brantley wrote: I can't say I really care which characters are rebooted as black instead of white, female instead of male, gay instead of straight, etc. And maybe that's because the Powers That Be don't care -- these changes are just whims; might as well be produced by a random number generator, like the plot complications on daytime soap operas, which had a lot to do with killing off nearly all the soaps.
You may have heard that Rush Limbaugh and other neocons have had a conniption fit over talk that the next James Bond might be black –- treason, treason! Like, was THE WIZ treason to L. Frank Baum? That said, I find recent rebootings of Sherlock Holmes as a muscular type or even as a modern detective with a female Watson as rather silly. Holmes was a PERIOD CHARACTER. Take him out of his period, and he's nothing but a familiar name for marketing purposes. Still, at least that isn't as outright offensive as rip-offs like PRIDE AND PREJUDICE AND ZOMBIES.

--Brantley


I have to take exception with your characterization of Holmes. He is NOT a PERIOD CHARACTER, he was originally written to be modern to the time the story was written. You are correct in that he's mostly viewed that way now, because the stories are old, and even movies/tv of the character are old. The two modern settings of Holmes are not the first to put Holmes in "current time", it's just that some of those put him in the 20's which seems Period to us now, but were contemporary at the time. It's like saying that Superman and Wonder Woman should always be set in the late 1930's as that's when they were created.

But to me it's a good example. Can you retell this story changing pieces to make them fit? The BBC's Sherlock is excellent, despite me initially thinking it's premise was going to not work. CBS's Elementary while being an entertaining show, I don't view the lead character as "Sherlock Holmes". I do for Sherlock. Too many variables have been flipped for Elementary, and it's ones essential to Holmes (and some on Watson), but the change to New York or Watson's gender aren't it.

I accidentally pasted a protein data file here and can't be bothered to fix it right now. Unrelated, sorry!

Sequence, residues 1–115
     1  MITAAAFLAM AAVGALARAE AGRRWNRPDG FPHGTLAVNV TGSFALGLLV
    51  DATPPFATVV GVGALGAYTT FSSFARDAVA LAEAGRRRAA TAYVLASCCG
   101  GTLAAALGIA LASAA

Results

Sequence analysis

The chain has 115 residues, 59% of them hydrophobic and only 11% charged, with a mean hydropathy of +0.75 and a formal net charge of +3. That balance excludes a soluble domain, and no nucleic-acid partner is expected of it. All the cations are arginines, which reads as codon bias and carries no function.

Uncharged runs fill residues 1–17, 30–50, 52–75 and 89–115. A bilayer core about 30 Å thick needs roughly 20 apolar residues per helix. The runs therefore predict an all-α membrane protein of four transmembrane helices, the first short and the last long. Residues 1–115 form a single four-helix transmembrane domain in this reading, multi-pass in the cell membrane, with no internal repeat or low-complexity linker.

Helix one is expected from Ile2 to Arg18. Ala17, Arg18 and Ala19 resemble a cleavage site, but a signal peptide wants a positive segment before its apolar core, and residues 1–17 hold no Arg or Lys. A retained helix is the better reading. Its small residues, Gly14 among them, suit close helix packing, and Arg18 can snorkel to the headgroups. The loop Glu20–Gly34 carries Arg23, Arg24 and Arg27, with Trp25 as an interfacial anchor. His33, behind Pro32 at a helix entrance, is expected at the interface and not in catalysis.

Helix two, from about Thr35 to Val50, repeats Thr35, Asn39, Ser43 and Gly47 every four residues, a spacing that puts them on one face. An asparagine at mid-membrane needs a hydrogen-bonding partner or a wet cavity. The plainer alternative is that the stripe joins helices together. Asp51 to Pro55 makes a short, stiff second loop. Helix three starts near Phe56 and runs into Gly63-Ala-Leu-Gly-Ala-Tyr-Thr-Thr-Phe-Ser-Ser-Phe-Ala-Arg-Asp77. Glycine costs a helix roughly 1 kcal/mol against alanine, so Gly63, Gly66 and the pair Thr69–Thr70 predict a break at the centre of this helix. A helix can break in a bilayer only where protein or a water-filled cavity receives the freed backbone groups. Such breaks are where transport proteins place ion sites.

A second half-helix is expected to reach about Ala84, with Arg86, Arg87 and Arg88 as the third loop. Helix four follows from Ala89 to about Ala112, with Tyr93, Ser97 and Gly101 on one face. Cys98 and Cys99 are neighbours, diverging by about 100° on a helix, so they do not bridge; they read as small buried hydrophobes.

Supergirl will face similar issues -- but the primary one is going to be "is is a show worth watching".

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29 Jan 2015 17:20 #40094 by TwiceOnThursdays
Replied by TwiceOnThursdays on topic Mehcad Brooks is James Olsen

shadar wrote: I think everyone is missing the key issue. James Olsen is the new Lois Lane.

Reporter? Check.
Secret love interest? Check.
Alpha,strong and driven? Check.
Works alongside Supergirl's secret identity? Check.

Want to bet he also does the following:
+Tries constantly to figure out Supergirl's secret identity.
+Needs to be bailed out of situations by Supergirl because he's too aggressive in his reporting. The star reporter.
+He's hot for Supergirl, and Kara is hot for him. He works with Kara but would never in a million years guess she's Supergirl. He just takes her for granted.
+ He talks to Kara about how hot Supergirl is, which feeds a touch of romantic comedy that we viewers are privy to, but not the characters.
etc. etc.

The name James Olsen is the canard to trip us all up.

The fact that he's black versus a freckled-faced Irish kid is a detail. What is truly significant is that he's a male Lois Lane.


I think this is so spot on that I don't know how I didn't see it before.

I hipped to Kara being "Clark Kent" but totally missed that.

Now I can't wait to see the show to see how right this prediction is. I don't yet know what I think about it, but it does give them a time honored template to work with.

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29 Jan 2015 17:26 #40096 by lfan
Replied by lfan on topic Mehcad Brooks is James Olsen
Besides him being black, people are seemingly taking umbrage on the fact that the actor is 35. I don't know how they intend to deal with the character but the dude could easily play a 20 yr old. Does not look 35.....

ElF


castor wrote: I kind of wonder how much of his original personality if at all will be in. Also at 35, hes about twice as old as the character in the comics is some times depicted. And an actor whose last major role was a football player.